Saturday, April 18, 2009

While they never truly disappeared, strikes that take the form of workplace occupations are becoming more and more common in these hard economic times. While it would be gratifying if more of them were to take the form of permanent occupations where the workplace is reopened as a producers' cooperative, such as what has happened often in Argentina, even as limited pressure tactics on management these occupation deliver the goods better than more traditional strike tactics do. Two recent examples are cited below. The first is from the Republic Windows and Doors factory in Chicago. The item below is from the AFL-CIO blog, and it avoids the issue of the fact that the union representing the workers at Republic, the United Electrical, Radio and Machine Workers of America (UE), is not a member of the AFL-CIO. The UE considers the structure of the AFL-CIO to be undemocratic. Still, I guess that the AFL-CIO are to be commended for inviting the UE to speak to them.
Union Leader at Republic Windows: ‘We Don’t Have to Wait Until the Boss Screws Us’:
by James Parks, Apr 16, 2009
The power of workers comes through with a union. That’s the message and lesson learned during the successful sit-in by nearly 300 workers at the Republic Windows & Doors plant in Chicago last December.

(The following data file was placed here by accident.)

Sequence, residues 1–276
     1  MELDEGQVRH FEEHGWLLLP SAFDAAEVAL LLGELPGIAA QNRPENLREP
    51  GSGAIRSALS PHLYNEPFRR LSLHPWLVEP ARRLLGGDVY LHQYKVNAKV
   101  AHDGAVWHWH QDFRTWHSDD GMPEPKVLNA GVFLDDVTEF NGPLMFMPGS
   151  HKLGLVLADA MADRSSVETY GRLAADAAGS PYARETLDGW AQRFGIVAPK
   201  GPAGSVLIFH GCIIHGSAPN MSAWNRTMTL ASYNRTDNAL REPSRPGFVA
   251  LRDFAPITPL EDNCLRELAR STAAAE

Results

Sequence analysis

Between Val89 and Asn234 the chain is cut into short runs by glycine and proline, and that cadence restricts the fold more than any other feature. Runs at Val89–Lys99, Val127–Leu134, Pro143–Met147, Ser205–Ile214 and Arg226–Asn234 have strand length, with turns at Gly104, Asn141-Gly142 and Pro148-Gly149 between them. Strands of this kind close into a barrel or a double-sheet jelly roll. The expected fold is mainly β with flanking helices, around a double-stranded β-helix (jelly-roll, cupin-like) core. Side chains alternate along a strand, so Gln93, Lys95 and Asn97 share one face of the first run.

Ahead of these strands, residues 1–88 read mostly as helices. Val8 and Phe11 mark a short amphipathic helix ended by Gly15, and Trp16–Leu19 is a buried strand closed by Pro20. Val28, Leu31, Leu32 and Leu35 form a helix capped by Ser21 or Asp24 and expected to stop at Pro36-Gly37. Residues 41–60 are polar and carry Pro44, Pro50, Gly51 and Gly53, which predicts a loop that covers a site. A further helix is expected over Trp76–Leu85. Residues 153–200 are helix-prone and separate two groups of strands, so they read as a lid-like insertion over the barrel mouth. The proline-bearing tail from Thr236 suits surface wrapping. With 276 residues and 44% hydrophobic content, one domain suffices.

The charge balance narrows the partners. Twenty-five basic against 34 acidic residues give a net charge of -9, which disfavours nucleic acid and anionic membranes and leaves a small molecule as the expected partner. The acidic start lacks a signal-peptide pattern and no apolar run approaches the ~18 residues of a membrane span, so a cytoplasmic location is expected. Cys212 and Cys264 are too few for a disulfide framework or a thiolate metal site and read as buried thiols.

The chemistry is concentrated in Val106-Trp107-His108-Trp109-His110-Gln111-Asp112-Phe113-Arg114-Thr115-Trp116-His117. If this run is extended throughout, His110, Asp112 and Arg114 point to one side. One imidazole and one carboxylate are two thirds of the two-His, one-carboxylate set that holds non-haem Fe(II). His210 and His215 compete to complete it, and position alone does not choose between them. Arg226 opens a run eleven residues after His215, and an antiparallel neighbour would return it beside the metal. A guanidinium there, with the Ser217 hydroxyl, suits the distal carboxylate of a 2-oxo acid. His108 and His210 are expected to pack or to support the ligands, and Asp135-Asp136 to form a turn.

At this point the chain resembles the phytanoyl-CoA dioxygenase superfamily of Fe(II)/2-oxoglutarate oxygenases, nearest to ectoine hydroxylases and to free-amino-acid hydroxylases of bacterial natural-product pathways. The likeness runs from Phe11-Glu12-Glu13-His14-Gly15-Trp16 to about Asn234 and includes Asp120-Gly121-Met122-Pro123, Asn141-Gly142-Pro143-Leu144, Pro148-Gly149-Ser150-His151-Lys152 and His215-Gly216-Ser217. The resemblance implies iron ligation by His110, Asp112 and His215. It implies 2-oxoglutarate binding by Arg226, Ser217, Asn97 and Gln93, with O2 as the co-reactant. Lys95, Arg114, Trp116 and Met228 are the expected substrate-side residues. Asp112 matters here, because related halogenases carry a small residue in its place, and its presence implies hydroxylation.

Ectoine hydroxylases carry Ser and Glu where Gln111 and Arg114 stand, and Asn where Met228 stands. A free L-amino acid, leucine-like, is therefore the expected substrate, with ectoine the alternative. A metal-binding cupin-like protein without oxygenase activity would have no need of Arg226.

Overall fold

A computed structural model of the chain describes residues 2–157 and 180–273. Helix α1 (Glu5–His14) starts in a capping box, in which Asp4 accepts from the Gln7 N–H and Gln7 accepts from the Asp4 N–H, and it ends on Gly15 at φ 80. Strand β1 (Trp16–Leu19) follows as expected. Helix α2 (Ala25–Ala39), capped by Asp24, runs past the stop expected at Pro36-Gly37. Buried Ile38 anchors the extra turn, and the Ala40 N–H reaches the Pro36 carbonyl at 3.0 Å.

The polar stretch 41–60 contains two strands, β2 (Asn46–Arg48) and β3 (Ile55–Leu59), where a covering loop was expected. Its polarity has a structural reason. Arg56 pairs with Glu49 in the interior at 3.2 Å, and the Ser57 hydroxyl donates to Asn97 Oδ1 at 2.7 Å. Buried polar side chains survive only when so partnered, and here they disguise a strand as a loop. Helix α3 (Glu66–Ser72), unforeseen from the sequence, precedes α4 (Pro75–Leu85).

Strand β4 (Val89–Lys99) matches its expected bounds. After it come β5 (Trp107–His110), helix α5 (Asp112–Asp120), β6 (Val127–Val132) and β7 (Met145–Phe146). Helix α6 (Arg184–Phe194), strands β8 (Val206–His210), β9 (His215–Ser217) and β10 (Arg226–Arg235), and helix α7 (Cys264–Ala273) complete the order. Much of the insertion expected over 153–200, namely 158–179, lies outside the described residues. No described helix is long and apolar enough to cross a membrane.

Workers at Republic made justice happen. After a six-day sit-in at the plant, the workers, members of the United Electrical, Radio and Machine Workers of America (UE) Local 1110, faced down the company and one of the nation’s biggest financial institutions. The company announced it was shutting down and that the workers would not receive the severance and accrued vacation pay they were owed (see video).

Bank of America, which received billions in taxpayer bailout funds, cut off the company’s line of credit. Outraged by the move, a coalition of workers, community groups, politicians and religious leaders shamed the bank and company into backing down.

UE Organizing Director Bob Kingsley, speaking at a brown-bag discussion at the AFL-CIO in Washington, D.C., told the audience the Republic workers’ battle “could not have been won without the labor and community support.”

There were demonstrations in places I never heard of. We had major league international union support.

Not only did that community support play a big role in the workers’ victory at Republic, it was crucial to getting the workers back on the job after the plant closed. The Republic plant is scheduled to reopen in coming weeks under a new owner, Serious Materials. UE members will be recalled to their jobs as work ramps up at the plant, under a new UE contract negotiated with the plant’s new owners.

Serious Materials, which makes energy efficient “green” windows, was first alerted to the plant’s availability by the Sierra Club, one of the groups backing the workers’ strike, Kingsley said.

Because of the Republic workers’ struggle, all workers are better off, says AFL-CIO Organizing Director Ken Zinn.

If they had not had a union, they would have all had to go home with nothing.